In the guide
- Intellectual property framework
- Trade marks
- Business confidentiality, trade secrets and non-disclosure
- Business assistance
- Key legislation
This guidance is for England, Scotland and Wales
Intellectual property (IP) can be a valuable asset to any business, be it large or small, a new or a long-established business.
IP consists of four key elements: trade marks, copyright, designs and patents. The different forms of IP exist for different lengths of time, or 'term'.
Copyright is an automatic, or unregistered right.
Designs and trade marks are initially automatic or unregistered rights, which can be registered for greater protection.
Patents must be registered to exist (see right-specific explanations below).
Trade marks, copyright, designs and patents are property rights owned by the original creator, or subsequent owner, of the particular IP right; the rights owner can prevent others from unfairly using their rights for trade purposes without permission. Unauthorised use of another's IP is known as infringement.
A rights owner or business can grant licences to third parties, which allow those third parties to use the business's protected IP in exchange for a fee. Licensing is a controlled and effective way for rights owners and businesses to generate wealth from their IP.
If a business uses another's IP without permission it is an infringement of those rights, which could result in the business being taken to court. In addition, copyright, registered designs and registered trade marks are also protected by the criminal law and infringement may constitute a criminal offence.
Intellectual property framework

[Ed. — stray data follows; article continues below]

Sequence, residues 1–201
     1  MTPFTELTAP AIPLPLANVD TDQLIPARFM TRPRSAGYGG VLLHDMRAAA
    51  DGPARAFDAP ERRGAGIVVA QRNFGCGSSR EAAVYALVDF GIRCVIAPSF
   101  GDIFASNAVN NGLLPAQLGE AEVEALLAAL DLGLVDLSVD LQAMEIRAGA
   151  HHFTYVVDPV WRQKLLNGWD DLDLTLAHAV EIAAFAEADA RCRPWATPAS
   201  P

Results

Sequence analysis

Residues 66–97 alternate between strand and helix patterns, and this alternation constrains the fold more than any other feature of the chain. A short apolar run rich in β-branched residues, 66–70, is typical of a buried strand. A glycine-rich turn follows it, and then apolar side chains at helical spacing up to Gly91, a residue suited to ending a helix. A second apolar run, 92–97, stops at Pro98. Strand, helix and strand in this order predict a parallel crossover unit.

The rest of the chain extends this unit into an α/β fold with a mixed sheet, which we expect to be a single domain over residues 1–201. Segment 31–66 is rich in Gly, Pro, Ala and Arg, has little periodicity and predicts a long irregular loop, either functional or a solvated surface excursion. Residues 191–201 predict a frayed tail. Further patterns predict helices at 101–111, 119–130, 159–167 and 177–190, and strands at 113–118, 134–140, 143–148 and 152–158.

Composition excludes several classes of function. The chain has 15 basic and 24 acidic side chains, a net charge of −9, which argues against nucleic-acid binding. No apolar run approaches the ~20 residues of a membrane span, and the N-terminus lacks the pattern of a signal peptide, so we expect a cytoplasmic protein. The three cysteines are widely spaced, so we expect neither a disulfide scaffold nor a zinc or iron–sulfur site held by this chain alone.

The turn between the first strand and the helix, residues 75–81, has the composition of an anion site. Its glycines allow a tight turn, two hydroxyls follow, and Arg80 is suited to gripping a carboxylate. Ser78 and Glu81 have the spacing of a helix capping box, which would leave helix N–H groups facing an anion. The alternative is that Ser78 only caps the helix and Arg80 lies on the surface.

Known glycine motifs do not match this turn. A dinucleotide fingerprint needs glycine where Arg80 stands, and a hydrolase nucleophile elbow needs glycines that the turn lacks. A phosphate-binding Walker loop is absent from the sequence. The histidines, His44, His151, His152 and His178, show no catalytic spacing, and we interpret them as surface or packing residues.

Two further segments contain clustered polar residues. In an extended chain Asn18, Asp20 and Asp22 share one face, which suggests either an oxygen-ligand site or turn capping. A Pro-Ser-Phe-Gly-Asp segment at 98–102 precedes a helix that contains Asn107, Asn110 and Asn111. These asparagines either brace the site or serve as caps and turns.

Intellectual property rights (IPRs) are territorial in nature, and UK rights have effect in the UK; however, these territorial rights sit within the wider European Union (EU) and international IP frameworks. For businesses trading in Europe or globally, it is important to be aware of the international framework in order to maximise IP rights protection and for the ability to prosper in the global marketplace.
The international framework is administered by three bodies:
- World Intellectual Property Organisation (WIPO)
- European Union Intellectual Property Office (EUIPO)
- Intellectual Property Office (IPO - the UK IP Office)
The international framework is derived from a series of international treaties and agreements. The UK is an individual signatory to each of these treaties and the UK is a member of the frameworks. The relevant treaties are:
- Trade marks: Madrid Agreement and Protocol
- Copyright: Berne Convention
- Designs: the Hague Agreement
- Patents: the Patent Cooperation Treaty (PCT)
As of 1 January 2021, 'EU registered trade marks' (EUTMs) and 'registered Community designs' (RCDs) only provide protection in the remaining 27 EU Member States; they will no longer include protection within the UK.
This does not prevent UK businesses applying to register EUTMs and RCDs at the EUIPO; in fact UK businesses will have to make new applications to EUIPO in order to protect their rights in the EU.
Alternatively, a UK business could make an application to WIPO for an international registered trade mark, or registered design, designating the EU as a protected territory (a 'Hague designation').
Under the Withdrawal Agreement there will be no loss of protection for existing EU-derived IP rights and the IPO will automatically create new comparable or equivalent IP rights to ensure continued protection after 31 December 2020.